Feb. 21, 2013

The Greatest Hoopstar Ever: Wilt Chamberlain

I am almost 53 years old. I have been a basketball fan since the 1971-72 NBA season when my Lakers won 33 straight NBA games. That team had Jerry West, Elgin Baylor (who retired during the season) Gail Goodrich, Jim McMillan and Happy Hairston and Wilt Chamberlain.

Wilt Chamberlain was a force of nature. He dominated the NBA for 14 seasons. He led the league 7 times in scoring, 9 times in shooting, 1 time in assists and MANY times in rebounds. Wilt "The Stilt" Chamberlain still holds 90 NBA records.

He is by far the best I ever saw. I have been blessed to see West, Magic Johnson, Shaq, kobe, MJ, Dr. J, Kareem, Larry Bird, Lebron...You name it, I've pretty much seen them all and Wilt has no peer. 

You can try to make the argument that he was a giant among mortals. You would be right, BUT I watched him absolutely manhandle Kareem Abdul-Jabbar in that 1971-72 season in person. Kareem was his equal in stature and Kareem was in his prime. The date was November 21, 1971 at the Fabulous Forum. The defending champion Bucks came in to try and stop the Lakers 10-game winning streak. 

Kareem scored 39 points that night, but was blocked several times by Wilt at key points. This is what makes Wilt so memorable as a player. He was asked by coach Bill Sharman at the beginning of the year to forego scoring and focus on defense and passing. Chamberlain was able to dominate Jabbar while letting Jabbar take a TON of shots and score a bunch of points, yet the Lakers won each regular season game against a great team.

The Lakers handled the Bucks 4-2 in the Conference Finals that year with Chamberlain continuing to NOT score a lot. He dominated on defense and passed the ball. The Lakers had their greatest season and first championship in Los Angeles.

Wilt Chamberlain was able to score at will throughout his career, but it wasn't until he had taken enough beatings by the less-athletic Bill Russell (11-time Celtics champion) and bought into coach Sharman's plea to give up his usual game for the betterment of his team.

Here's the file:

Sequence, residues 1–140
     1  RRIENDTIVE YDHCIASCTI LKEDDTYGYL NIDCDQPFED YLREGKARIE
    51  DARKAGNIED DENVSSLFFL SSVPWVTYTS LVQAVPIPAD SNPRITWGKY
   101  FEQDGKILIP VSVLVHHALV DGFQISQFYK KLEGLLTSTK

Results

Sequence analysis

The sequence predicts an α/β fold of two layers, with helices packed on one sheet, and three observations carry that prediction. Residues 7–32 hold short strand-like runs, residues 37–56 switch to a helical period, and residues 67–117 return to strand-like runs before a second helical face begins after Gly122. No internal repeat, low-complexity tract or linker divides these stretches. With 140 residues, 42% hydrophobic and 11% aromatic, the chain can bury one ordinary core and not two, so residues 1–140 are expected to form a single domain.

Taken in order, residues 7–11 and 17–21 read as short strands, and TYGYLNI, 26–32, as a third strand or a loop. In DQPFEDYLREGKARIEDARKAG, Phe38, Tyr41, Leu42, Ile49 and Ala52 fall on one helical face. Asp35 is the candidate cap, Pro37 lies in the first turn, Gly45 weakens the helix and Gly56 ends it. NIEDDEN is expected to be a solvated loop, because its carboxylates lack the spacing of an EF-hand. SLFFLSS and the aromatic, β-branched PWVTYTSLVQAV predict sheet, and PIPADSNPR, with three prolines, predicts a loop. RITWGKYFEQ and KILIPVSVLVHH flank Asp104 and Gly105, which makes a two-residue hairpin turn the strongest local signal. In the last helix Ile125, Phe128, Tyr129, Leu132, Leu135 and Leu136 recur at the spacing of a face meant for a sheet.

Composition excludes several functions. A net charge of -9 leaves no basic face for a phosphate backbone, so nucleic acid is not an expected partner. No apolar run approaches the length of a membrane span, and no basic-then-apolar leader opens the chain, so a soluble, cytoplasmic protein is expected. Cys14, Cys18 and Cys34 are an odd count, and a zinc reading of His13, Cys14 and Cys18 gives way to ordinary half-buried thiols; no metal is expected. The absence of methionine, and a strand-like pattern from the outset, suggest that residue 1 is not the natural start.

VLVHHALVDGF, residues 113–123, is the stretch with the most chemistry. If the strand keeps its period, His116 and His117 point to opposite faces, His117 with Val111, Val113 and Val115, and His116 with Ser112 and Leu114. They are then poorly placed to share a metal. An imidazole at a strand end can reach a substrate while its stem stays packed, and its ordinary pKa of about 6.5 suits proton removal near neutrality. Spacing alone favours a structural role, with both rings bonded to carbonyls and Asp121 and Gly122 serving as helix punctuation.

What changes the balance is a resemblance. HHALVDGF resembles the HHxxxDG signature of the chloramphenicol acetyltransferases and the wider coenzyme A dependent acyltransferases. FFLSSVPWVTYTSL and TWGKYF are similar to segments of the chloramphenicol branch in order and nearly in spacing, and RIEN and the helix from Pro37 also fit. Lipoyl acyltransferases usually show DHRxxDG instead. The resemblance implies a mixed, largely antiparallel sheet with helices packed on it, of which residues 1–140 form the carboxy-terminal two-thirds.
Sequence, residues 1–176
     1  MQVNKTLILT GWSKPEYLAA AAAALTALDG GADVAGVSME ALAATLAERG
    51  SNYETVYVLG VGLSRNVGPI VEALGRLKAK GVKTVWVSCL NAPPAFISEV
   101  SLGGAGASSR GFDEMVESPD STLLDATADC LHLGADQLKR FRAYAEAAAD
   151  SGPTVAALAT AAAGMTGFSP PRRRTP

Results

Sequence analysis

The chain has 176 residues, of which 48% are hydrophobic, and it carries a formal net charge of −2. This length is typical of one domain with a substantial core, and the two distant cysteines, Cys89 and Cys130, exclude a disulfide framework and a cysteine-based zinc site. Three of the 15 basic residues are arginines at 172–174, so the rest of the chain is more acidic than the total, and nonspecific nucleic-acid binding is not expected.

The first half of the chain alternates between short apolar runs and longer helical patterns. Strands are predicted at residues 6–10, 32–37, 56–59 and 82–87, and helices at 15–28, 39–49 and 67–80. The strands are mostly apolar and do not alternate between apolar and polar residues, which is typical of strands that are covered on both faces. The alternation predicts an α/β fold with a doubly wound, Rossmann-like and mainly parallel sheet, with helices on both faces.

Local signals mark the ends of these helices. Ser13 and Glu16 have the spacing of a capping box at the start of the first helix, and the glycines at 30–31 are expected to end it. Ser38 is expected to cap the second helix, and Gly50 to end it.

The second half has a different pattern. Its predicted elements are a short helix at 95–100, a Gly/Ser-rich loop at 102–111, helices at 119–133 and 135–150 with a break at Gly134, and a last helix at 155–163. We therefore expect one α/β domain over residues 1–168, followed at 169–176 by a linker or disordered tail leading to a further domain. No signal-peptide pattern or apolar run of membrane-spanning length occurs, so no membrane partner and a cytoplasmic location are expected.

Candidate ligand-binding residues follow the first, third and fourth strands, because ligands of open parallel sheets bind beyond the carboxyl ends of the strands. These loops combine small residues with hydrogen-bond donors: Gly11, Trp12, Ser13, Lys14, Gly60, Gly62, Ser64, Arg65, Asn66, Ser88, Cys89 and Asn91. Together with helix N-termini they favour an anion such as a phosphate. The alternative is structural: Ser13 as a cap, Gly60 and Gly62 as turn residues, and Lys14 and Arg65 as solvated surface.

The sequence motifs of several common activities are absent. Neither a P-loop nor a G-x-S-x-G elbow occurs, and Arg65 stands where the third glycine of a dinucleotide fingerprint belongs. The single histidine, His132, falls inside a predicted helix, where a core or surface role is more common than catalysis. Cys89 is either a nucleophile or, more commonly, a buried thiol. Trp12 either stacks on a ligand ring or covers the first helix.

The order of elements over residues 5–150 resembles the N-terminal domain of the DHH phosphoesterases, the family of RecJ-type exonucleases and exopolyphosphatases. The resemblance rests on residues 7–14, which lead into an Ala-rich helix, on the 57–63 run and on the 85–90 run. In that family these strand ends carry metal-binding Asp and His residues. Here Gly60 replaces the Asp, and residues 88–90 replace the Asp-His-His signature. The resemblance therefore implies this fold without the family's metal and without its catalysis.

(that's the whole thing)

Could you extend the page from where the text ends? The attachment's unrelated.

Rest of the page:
I was an 11-year-old kid getting to witness REAL sports history, going to 3 games during that 33-game win streak. I never have seen anyone so imposing on a basketball court. Kareem and Shaq were both truly great in their own right, but not like Wilt.

Bill Russell figured Wilt out and his Philadelphia team only managed to defeat them one time in 1967.

Please keep in mind that Wilt averaged 50 points, and 25 rebounds in the 1966-67 season. He scored 100 points in one game against the Knicks in 1962. In my opinion, that is the single greatest feat in sports history.

Don't just take my word for it:

"When I started to play with him, he helped make me a better player. We seemed to have a real good feel together, I think it translated into a confidence with him. All players are generally judged by the number of championships they won. Unfortunately, he only won two. His greatness as a basketball player can't be questioned. He was fun, we used to laugh at him a lot, some of the things that would happen. I once told him, no one roots for Goliath." – Jerry West

"Wilt was one of the greatest ever, and we will never see another one like him." – Kareem Abdul-Jabbar, who broke Chamberlain's record to become the NBA's leading career scorer.

"Wilt is playing better than I used to -- passing off, coming out to set up screens, picking up guys outside, and sacrificing himself for team play."
-- Bill Russell

"If [the referee] is calling [the game] loose then everyone gets away with more. So, you have to handle your own man accordingly, unless it's Wilt Chamberlain. Him, you just don't handle. He's too strong. The best you can do is make him work hard."-- Bill Russell

"I don't think it's fair to compare players in different eras, but he was about as dominant as any one player could be in any sport. I looked at him like he was invincible." -- Larry Brown